STATE OF HAWAII DEPARTMENT OF LAND AND NATURAL RESOURCES DIVISION OF BOATING AND OCEAN RECREATION PUBLIC AUCTION OF IMPOUNDED VESSELS September 22, 2017 @ 9:00 a.m. DOBOR Administration Conference Room 4 Sand Island Access Road Honolulu, Hawaii 96819 Phone: (808) 832-3520 View/Download the Auction Packet
If you launch a boat from one of O‘ahu’s small boat harbors you’ll see one. If you start hiking up one of the island’s popular trails you’re bound to see one. By the end of today, 25 large, conservation messaging signs will have been installed at various locations under the jurisdiction of the Department of Land and Natural Resources (DLNR). Another five signs are portable and will be used for various outreach and education purposes.
Hawai’i’s small boat harbors, under the jurisdiction of the DLNR Division of Boating and Ocean Recreation (DOBOR), serve as the ocean gateways for thousands of kamaʿāina and visitors every year. In addition to maintaining 2,000 berths statewide and registering some 12,000 boats, DOBOR and its small boat harbors are used for a large variety of purposes. Boating, obviously, but also snorkeling, diving, touring, fishing and kayaking are among the frequent uses of our sixteen small boat harbors. All of these harbors and their ramps, piers, moorages, wash downs, comfort stations and parking lots require constant maintenance. While many boaters and commercial operators pay fees, any private boat owner can acquire an annual launch ramp decal for $50. These harbors also serve literally, as “safe harbors” during storms. These facilities are constantly exposed to the corrosive effects of salt air and salt water. This means, in addition to regular maintenance, the frequency in which you have to replace structures is greatly accelerated.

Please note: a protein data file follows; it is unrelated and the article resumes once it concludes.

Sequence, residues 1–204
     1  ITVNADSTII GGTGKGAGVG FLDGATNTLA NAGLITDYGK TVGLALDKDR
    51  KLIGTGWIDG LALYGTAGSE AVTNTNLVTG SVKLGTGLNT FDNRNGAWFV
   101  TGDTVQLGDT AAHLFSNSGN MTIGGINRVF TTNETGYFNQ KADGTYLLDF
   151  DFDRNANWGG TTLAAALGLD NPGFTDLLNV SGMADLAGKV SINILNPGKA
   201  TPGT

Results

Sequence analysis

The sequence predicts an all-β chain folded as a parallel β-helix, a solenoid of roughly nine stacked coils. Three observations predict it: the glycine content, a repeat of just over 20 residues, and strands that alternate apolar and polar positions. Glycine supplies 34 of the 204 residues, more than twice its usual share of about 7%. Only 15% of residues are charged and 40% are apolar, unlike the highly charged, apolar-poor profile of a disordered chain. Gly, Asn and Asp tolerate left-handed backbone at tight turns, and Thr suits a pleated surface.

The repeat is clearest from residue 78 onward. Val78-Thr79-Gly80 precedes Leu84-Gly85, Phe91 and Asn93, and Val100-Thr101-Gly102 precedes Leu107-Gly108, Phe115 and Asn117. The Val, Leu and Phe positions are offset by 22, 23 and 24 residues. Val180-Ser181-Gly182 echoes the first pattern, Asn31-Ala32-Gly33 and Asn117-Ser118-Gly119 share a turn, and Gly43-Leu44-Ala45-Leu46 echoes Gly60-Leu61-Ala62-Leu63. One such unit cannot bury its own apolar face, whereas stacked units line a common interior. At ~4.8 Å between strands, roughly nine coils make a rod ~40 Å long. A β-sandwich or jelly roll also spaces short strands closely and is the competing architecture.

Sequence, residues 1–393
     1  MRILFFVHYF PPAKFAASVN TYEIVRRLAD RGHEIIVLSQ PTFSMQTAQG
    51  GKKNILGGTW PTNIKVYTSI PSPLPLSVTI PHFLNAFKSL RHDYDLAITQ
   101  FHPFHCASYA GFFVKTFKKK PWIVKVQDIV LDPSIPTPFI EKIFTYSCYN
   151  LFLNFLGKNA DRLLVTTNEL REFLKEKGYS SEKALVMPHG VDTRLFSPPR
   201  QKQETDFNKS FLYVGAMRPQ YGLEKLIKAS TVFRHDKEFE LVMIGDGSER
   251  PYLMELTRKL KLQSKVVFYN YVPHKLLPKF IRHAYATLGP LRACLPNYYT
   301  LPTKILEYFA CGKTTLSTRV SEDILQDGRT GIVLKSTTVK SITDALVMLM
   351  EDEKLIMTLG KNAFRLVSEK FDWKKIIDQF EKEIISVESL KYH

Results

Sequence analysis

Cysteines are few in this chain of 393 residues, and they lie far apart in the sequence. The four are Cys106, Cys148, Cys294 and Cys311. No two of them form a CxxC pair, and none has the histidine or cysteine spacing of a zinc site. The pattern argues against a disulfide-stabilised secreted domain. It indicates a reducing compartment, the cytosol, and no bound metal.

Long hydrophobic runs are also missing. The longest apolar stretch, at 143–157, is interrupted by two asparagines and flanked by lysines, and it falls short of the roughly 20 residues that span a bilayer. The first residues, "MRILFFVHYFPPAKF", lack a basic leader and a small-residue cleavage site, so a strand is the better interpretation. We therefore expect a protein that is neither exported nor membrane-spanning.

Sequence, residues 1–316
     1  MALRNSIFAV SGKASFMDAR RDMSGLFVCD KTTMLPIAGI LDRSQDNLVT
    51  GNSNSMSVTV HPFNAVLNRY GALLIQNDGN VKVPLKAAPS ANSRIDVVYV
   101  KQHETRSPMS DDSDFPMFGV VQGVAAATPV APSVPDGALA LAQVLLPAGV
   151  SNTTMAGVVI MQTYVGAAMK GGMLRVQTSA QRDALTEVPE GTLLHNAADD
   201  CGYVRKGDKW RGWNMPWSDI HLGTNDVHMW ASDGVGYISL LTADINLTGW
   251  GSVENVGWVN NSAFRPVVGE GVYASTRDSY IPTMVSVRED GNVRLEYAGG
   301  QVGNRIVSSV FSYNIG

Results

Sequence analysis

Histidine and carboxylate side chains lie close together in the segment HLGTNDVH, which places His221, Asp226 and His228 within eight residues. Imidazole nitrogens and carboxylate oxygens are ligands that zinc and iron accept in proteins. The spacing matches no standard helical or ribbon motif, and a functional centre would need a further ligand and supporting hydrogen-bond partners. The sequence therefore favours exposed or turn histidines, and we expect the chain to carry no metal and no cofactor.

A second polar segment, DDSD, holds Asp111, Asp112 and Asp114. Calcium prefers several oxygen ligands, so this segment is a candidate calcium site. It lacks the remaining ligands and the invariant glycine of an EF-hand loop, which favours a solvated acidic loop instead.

HONOLULU -- The small boat harbors and boat ramps have played an important role in the recreational history of Hawai‘i. Although many of the harbors have been upgraded, repaired and expanded over time, many of the original features, including their breakwaters, basins, slips, and channels retain their historic character.